Chapter 5: Japan - Santee School District / Overview

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Transcript Chapter 5: Japan - Santee School District / Overview

Chapter 5: Japan
Early Japan
Shoguns and Samurai
Life in Medieval Japan
Japan’s Geography
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Japan’s mountains and islands
isolated Japan and shaped its
society
Because of Japan’s mountains,
only 20% of its land can be
farmed
The rugged terrain forced
many Japanese to turn to the
sea for a living
The vast ocean around Japan
kept it isolated and as a result,
Japan developed its own
intensely independent society
with its own religion, art,
literature, and government
The First Settlers of Japan
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The Yayoi people were the early settlers of
Japan
Around 300 CE the Yayoi organized themselves
into clans
A clan is a group of families related by blood or
marriage
During the 500’s a clan called the Yamato
became strong enough to rule all of Japan
Yamato chiefs claimed they were descendents of
the Sun God and the emperor of Japan today is
a descendent of these ancient rulers
Prince Shotoku’s Reforms
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Around 600 CE, a Yamato prince named Shotoku took charge of
Japan
He wanted to create a strong government so he looked to China as
an example of what to do
Shotoku created a constitution and gave all power to the emperor
The emperor had the power to appoint all of the government
officials
Government officials were sent to China to study Chinese art,
medicine, government, Buddhism, and philosophy (much which
came from Korea)
Shotoku ordered Buddhist temples and monasteries to be built
throughout Japan
In 646 CE the Yamato began the Taika, or Great Change
They divided Japan into provinces and they were all run by officials
who reported to the emperor
These reforms created the first strong central government in Japan
The Shinto Religion of Japan
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The Japanese religion
called Shinto was based
on nature spirits
They believe that all
things in nature have
their own spirits
This idea is called
animism
Nature spirits are called
kami
The word Shinto means
“way of the spirits”
Buddhism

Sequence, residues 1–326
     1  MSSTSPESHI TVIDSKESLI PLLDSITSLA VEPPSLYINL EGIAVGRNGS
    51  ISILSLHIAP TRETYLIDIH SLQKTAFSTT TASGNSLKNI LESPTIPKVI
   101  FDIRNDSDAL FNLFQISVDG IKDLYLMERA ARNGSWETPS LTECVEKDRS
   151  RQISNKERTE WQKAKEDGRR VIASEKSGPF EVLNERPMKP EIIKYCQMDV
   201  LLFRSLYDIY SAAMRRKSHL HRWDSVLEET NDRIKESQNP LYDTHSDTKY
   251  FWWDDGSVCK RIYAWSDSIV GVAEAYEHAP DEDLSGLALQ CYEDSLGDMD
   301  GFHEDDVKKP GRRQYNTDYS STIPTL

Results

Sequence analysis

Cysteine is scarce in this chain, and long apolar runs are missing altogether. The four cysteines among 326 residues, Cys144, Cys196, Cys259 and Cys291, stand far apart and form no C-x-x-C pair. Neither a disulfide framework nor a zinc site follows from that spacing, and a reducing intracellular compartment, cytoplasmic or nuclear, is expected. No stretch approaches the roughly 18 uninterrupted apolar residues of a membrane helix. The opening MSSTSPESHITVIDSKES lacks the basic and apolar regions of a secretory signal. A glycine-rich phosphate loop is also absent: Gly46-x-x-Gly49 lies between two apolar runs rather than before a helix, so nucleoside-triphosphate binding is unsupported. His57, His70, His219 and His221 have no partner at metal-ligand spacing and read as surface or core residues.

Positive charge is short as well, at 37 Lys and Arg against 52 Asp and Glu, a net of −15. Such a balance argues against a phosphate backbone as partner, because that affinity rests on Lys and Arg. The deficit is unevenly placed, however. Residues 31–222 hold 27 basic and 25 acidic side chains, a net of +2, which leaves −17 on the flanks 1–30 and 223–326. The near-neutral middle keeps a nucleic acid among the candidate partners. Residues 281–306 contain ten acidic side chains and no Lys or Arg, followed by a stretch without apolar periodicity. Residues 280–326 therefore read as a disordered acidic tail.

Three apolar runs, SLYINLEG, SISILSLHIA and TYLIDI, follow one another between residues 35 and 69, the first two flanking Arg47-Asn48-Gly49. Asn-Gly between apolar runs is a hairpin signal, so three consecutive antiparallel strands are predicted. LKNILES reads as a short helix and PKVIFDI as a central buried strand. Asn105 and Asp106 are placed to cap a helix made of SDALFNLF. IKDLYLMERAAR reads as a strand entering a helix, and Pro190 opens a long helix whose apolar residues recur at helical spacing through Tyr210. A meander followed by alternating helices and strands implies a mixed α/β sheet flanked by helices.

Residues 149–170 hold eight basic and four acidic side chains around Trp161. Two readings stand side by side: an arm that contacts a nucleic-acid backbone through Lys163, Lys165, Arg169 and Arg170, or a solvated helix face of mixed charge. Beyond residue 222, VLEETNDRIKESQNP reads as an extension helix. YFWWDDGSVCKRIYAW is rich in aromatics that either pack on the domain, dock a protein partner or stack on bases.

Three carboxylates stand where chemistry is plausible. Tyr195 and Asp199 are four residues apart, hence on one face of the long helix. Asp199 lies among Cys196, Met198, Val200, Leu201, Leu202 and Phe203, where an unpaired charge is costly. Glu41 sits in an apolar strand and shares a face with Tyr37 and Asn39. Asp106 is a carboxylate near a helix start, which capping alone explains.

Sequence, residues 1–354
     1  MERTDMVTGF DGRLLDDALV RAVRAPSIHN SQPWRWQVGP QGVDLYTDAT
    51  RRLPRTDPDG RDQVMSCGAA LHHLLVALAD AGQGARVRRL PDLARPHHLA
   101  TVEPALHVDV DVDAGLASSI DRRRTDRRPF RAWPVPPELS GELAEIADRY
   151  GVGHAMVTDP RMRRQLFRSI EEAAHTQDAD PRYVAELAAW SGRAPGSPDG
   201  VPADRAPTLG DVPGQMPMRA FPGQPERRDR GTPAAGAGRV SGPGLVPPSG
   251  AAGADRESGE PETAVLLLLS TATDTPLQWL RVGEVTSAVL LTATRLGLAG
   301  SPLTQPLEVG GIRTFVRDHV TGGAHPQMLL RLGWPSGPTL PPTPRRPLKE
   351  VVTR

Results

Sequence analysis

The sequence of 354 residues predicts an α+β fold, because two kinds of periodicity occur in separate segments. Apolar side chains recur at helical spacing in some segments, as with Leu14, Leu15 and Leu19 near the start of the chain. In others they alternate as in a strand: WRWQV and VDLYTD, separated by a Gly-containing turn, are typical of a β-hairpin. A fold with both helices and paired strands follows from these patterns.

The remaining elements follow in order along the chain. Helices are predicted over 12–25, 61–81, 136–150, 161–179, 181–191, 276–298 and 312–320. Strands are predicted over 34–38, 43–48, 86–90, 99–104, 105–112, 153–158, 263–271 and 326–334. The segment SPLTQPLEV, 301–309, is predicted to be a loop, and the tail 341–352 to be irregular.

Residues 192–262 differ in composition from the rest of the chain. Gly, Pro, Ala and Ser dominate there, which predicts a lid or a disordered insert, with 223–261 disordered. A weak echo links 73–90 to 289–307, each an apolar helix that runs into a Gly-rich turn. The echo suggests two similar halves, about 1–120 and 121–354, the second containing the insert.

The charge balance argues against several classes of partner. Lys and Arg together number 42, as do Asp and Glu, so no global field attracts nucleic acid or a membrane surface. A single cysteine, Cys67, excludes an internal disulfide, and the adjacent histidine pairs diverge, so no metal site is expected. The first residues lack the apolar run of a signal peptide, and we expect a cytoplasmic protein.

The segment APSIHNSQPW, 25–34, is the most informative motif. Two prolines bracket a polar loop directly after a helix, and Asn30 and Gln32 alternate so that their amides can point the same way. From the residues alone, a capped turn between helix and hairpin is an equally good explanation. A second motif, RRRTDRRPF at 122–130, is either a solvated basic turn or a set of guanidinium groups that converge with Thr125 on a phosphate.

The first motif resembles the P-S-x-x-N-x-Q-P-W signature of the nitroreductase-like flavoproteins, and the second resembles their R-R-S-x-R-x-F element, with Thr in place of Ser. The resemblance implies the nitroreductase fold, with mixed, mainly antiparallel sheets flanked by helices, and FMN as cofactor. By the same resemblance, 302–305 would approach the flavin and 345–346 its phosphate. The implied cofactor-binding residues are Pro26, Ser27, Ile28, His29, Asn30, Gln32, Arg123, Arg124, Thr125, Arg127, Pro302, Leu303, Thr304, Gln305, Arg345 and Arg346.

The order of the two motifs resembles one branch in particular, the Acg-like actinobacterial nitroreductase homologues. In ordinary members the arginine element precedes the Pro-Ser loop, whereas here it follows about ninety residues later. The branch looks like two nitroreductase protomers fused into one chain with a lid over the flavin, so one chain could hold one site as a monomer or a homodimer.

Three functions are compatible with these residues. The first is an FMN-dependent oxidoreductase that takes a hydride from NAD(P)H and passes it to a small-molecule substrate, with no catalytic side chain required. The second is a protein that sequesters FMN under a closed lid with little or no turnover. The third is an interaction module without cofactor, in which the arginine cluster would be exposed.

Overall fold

During the same time
the emperor’s
government was
growing strong,
Buddhism became
popular
 Buddhism became a
major religion in
Japan and had an
important role in
government
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Samurai
Nobles formed private
armies to protect their
land
 To create their armies
they gave land to
warriors who agreed to
fight for them
 These warriors were
called Samurai
 Samurai lived by a code
of conduct called Bushido
 A Samurai would rather
die in battle than betray
his lord
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Shogun
By the early 1100’s the most powerful Japanese families
had begun fighting each other using their Samurai
armies
 In 1192, Yoritomo, the leader of a powerful family, was
given the title of shogun
 The shogun is the commander of all of the emperor’s
military forces
 The military government was known as the shogunate
 Japan’s government was run by a series of shoguns for
the next 700 years
 In 1274 and 1281, the shogunate successfully held off
attacks by the Mongols
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The Daimyo Divide Japan
As the shogun’s power weakened, Japan broke into
warring kingdoms run by rulers known as daimyo
 The daimyo pledged loyalty to the emperor and the
shogun, but they ruled their lands as if they were
independent kingdoms
 To protect their lands they created their own local armies
made up of Samurai warriors
 Samurai became vassals when they pledged to serve
their daimyo in times of war and in return the daimyo
gave them land
 This bond of loyalty between a lord and a vassal is
known as feudalism
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Japanese Religion and Culture
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Buddhism and Shinto shaped much of Japan’s culture
These religions affected Japanese art, architecture, novels and plays
The arts of Japan revealed the Japanese love of beauty and
simplicity
The art of folding paper, know as Origami, was invented in Japan
Calligraphy, the art of writing beautifully, was much admired in
Japan
Japan’s oldest form of poetry was the tanka
Tanka was an unrhymed poem of five lines
Tanka poems capture nature’s beauty and the joys and sorrows of
life
By the 1600’s, tanka poems changed into a new form called haiku
Haiku consisted of 3 lines of words with a total of 17 syllables
The oldest type of Japanese plays were called Noh and they were
written to teach Buddhist ideas
Some Japanese nobles, merchants, and artisans grew wealthy
during the shogun period, but the lives of women remained
restricted in many areas of life